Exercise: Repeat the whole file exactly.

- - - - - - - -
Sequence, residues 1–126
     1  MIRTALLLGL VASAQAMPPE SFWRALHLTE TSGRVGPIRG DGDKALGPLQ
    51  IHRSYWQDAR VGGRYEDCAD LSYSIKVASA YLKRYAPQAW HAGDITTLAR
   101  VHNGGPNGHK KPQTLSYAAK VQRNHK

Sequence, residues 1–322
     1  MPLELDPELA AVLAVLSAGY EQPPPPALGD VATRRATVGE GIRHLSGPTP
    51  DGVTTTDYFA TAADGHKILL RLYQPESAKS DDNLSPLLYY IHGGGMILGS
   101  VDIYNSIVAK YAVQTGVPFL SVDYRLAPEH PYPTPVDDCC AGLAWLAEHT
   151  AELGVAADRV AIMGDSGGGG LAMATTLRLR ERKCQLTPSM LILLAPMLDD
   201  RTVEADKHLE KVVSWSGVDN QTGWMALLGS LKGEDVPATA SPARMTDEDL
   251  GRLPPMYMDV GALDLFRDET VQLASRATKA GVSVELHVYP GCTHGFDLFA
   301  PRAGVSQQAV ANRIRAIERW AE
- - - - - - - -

Sequence, residues 1–126
     1  MIRTALLLGL VASAQAMPPE SFWRALHLTE TSGRVGPIRG DGDKALGPLQ
    51  IHRSYWQDAR VGGRYEDCAD LSYSIKVASA YLKRYAPQAW HAGDITTLAR
   101  VHNGGPNGHK KPQTLSYAAK VQRNHK

Sequence, residues 1–322
     1  MPLELDPELA AVLAVLSAGY EQPPPPALGD VATRRATVGE GIRHLSGPTP
    51  DGVTTTDYFA TAADGHKILL RLYQPESAKS DDNLSPLLYY IHGGGMILGS
   101  VDIYNSIVAK YAVQTGVPFL SVDYRLAPEH PYPTPVDDCC AGLAWLAEHT
   151  AELGVAADRV AIMGDSGGGG LAMATTLRLR ERKCQLTPSM LILLAPMLDD
   201  RTVEADKHLE KVVSWSGVDN QTGWMALLGS LKGEDVPATA SPARMTDEDL
   251  GRLPPMYMDV GALDLFRDET VQLASRATKA GVSVELHVYP GCTHGFDLFA
   301  PRAGVSQQAV ANRIRAIERW AE